Street Ends Sharply Higher as Tech Leads

Markets Reuters

U.S. stocks ended sharply higher on Thursday, with a rally in technology stocks leading the Nasdaq to a 15-year high, while a ceasefire agreement between Russia and Ukraine also eased tensions.

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The day's gains were broad, with eight of the 10 primary S&P 500 sectors rising, and the S&P information technology sector rose 1.6 percent in its third straight daily advance. Cisco Systems climbed 9.4 percent to $29.46 in the network equipment maker's biggest one-day jump since May 2013 after earnings and revenue beat expectations.

TripAdvisor Inc soared 22.5 percent to $82.40 a day after revenue topped forecasts. Fellow online travel company Expedia jumped 14.5 percent to $89.57. Earlier, Expedia agreed to buy Orbitz Worldwide for about $1.33 billion.

With 76 percent of the S&P 500 having reported, about 71.4 percent of companies have topped earnings expectations, according to Thomson Reuters data, while 56.8 percent have topped on revenue. That compares to the long-term average of 63 percent for earnings and 61 percent for revenue.

Overseas, leaders of Germany, France, Russia and Ukraine agreed a deal to end fighting in eastern Ukraine, potentially removing a concern for global investors, although the pact remained fragile. The news contributed to oil prices advancing 4.9 percent, which in turn lifted the S&P energy index 1.3 percent.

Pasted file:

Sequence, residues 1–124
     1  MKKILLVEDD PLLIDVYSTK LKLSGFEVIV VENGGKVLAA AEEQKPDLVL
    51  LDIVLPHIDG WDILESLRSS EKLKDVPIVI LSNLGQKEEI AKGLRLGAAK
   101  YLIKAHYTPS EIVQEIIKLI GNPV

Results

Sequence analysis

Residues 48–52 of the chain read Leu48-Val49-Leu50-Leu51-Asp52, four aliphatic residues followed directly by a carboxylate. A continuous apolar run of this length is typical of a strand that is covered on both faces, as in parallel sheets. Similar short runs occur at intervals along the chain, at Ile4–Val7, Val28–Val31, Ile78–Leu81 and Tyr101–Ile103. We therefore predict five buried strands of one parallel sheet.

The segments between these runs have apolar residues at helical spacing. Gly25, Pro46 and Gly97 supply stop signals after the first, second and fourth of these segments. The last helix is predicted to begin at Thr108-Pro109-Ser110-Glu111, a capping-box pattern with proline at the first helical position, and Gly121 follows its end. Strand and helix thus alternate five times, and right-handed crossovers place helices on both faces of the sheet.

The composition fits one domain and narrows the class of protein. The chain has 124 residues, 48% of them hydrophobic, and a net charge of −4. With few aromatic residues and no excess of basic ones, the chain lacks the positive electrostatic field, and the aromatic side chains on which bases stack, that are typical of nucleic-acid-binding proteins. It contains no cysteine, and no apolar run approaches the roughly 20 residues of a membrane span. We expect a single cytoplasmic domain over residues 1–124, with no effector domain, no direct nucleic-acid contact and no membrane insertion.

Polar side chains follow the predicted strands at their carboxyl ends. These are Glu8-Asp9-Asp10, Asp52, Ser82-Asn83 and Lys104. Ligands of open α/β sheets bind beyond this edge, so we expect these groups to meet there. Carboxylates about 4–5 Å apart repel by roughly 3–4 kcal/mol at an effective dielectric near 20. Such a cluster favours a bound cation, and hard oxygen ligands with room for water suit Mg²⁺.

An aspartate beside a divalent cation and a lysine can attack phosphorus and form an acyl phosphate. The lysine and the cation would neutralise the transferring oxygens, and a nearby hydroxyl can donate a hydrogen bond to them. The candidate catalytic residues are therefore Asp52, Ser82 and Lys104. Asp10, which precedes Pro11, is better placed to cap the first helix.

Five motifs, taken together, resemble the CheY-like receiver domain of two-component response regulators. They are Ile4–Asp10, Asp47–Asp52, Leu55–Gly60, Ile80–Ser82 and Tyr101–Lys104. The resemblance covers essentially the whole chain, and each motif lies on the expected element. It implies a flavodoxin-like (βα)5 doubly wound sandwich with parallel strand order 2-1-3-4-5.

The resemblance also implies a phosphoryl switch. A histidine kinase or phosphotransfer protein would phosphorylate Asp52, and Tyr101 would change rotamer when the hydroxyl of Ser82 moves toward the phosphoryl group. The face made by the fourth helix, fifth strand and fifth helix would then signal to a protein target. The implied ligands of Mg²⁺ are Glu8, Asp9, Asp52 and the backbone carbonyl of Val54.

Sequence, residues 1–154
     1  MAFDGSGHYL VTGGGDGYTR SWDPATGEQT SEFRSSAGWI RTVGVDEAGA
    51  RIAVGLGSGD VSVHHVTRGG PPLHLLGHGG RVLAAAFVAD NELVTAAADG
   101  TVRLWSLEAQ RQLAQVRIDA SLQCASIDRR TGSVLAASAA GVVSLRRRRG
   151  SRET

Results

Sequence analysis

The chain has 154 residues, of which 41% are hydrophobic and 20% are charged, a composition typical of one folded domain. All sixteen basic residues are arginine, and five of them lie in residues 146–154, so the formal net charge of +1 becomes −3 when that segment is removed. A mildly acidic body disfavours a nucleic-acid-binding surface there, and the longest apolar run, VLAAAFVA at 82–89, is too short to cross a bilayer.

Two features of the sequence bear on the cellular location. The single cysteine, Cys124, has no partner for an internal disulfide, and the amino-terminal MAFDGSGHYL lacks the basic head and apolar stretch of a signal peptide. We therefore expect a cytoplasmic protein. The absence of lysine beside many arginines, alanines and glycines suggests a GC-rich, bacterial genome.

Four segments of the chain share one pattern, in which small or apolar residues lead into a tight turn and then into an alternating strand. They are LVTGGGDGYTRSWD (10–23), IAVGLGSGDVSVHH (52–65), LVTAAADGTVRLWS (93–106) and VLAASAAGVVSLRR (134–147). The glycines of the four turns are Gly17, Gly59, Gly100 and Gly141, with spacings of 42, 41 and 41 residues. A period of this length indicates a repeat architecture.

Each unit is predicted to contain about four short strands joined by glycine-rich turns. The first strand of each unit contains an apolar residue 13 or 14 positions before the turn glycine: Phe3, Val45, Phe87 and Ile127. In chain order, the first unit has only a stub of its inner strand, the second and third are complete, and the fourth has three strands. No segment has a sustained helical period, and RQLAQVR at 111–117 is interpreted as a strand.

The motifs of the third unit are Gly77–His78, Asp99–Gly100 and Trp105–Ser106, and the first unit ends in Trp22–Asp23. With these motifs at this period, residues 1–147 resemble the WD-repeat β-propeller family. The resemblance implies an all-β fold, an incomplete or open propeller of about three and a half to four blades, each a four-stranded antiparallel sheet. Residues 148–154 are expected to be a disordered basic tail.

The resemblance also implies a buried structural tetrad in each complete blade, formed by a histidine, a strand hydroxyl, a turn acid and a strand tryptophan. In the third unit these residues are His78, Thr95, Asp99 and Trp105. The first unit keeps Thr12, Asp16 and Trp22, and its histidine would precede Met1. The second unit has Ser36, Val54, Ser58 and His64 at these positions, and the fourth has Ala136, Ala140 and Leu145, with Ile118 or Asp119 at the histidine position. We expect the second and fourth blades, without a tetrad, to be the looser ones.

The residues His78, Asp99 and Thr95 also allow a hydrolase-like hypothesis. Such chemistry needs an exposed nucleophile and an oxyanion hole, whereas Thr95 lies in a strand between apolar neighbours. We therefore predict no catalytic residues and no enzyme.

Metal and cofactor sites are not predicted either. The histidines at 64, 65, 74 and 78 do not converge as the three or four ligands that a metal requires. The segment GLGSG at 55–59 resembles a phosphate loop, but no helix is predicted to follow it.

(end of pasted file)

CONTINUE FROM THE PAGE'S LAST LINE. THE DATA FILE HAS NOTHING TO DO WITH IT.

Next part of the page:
"There's definitely a feel-good situation leading from the reduction in geopolitical risk, while the rise we're seeing in the energy sector is really helping the overall benchmark," said Michael Mullaney, chief investment officer at Fiduciary Trust Co in Boston.

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U.S. economic data was tepid, as initial jobless claims rose more than expected in the latest week, while retail sales barely rebounded in January. In addition, business inventories rose less than expected in December.

The Dow Jones industrial average rose 110.24 points, or 0.62 percent, to 17,972.38, the S&P 500 gained 19.95 points, or 0.96 percent, to 2,088.48, and the Nasdaq Composite added 56.43 points, or 1.18 percent, to 4,857.61.

The Nasdaq ended at its peak of the session, the highest level for the index since March 2000, while the S&P 500 ended about 0.1 percent below closing record, set on Dec. 29.

Tesla Motors dropped 4.7 percent to $202.88 after it missed fourth-quarter sales targets and analysts' profit expectations.

American Express shares dropped 6.4 percent to $80.48 as the biggest drag on the Dow after it said Costco Wholesale would stop accepting its cards in the United States from next April, after a renewal agreement could not be reached.

NYSE advancers outnumbered decliners 2,403 to 685, for a 3.51-to-1 ratio; on the Nasdaq, 1,931 issues rose and 806 fell, a 2.40-to-1 ratio.

The S&P 500 posted 69 new 52-week highs and no new lows; the Nasdaq Composite recorded 123 new highs and 20 new lows.

About 6.72 billion shares traded on all U.S. platforms, according to BATS exchange data, below the month-to-date average of 7.31 billion.

(By Ryan Vlastelica; Editing by Bernadette Baum and Nick Zieminski)